Romney’s Bay State Love Affair with PBS

It’s old news by now that Mitt Romney wants to fire Big Bird (and Rick Santorum wants to eat him, apparently) by cutting federal subsidies to PBS, where Sesame Street is broadcast. Romney’s remark should be tempered, no surprise, with some context on his own history with public broadcasting subsidies. Today’s Boston Globe brings news that in 2005 Romney signed a bill ushering in tax breaks for in-state film producers, which has indirectly provided a windfall for the state’s public broadcasters.

Boston public television giant WGBH received $4.2 million from the state’s film tax credit program last year alone for programs like “American Experience,” “Antiques Roadshow,” and “Nova.” And Watertown animation studio Soup2Nuts received about $300,000 in subsidies last year, mostly for the PBS series WordGirl.

Romney’s Big Bird assault, as Charlie Pierce has surmised, might end up being the only aspect of the debate we all remember a few weeks from now. It also might also make for Priorities USA Action fodder. The PBS subsidy, which makes up .012% of the federal budget, remains broadly popular, despite regular Republican efforts to eliminate it: According to a 2011 poll, 69% of voters oppose proposals to cut its funds. (Though not a perfect comparison, it’s worth noting that the average Brit pays $60 yearly for BBC television service; the average American pays $1.35* for PBS.) Though PBS and NPR bashing is standard GOP red meat (their opposition derives not so much from the actual funding, but their perception that public broadcasting bears a liberal bias) Romney’s latest flip-flop is actually more in line with the newfound moderation he test-drove in Denver.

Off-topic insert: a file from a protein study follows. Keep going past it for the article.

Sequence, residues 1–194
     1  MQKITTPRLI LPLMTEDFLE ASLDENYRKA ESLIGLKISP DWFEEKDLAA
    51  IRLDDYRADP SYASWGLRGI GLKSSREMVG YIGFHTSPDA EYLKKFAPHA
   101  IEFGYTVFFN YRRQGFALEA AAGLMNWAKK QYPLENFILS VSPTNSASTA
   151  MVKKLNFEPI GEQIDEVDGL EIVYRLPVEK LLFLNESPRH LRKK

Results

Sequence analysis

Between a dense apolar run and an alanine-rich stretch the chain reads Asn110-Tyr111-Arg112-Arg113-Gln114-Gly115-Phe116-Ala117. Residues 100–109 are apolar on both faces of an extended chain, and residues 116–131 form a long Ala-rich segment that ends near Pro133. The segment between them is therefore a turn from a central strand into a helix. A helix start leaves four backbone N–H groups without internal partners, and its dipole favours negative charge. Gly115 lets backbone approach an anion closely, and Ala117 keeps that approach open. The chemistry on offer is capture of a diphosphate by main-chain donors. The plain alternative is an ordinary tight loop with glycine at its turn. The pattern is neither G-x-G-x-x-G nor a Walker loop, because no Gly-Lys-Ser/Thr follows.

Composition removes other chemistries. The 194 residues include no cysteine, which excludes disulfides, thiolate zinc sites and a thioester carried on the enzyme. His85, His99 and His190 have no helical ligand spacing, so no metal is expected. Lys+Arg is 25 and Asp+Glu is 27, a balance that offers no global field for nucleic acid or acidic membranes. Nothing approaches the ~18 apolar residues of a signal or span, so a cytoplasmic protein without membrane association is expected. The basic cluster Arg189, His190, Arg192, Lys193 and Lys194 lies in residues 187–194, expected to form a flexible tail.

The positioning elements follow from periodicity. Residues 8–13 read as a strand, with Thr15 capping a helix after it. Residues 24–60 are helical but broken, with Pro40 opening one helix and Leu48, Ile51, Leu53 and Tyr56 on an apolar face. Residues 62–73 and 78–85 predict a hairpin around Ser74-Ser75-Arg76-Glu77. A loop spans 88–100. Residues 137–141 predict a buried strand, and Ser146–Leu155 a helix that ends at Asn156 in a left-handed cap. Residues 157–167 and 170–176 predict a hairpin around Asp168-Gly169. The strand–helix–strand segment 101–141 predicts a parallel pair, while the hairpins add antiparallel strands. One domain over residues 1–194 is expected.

Rather than double down of his running mate’s “marvelous” austerity budget, or tout the savings that might arise out of turning Medicare into a semi-voucherized program, as he proposes to do, Romney has tried to target the ostensibly silly stuff on which we’re spending taxpayer dollars. In other words, he’s highlighting the government’s frivolity, not its profligacy. And in doing so, he may avoid scaring off the moderate independents he’s courting. Ironically, the approach bears similarity to Obama’s own public avowals to cut spending, which often single out redundant or ridiculous-sounding federal programs that barely make a dent in the budget.

*Corrected from household to individual.

Simon van Zuylen-Wood

Simon van Zuylen-Wood is a writer for Philadelphia Magazine.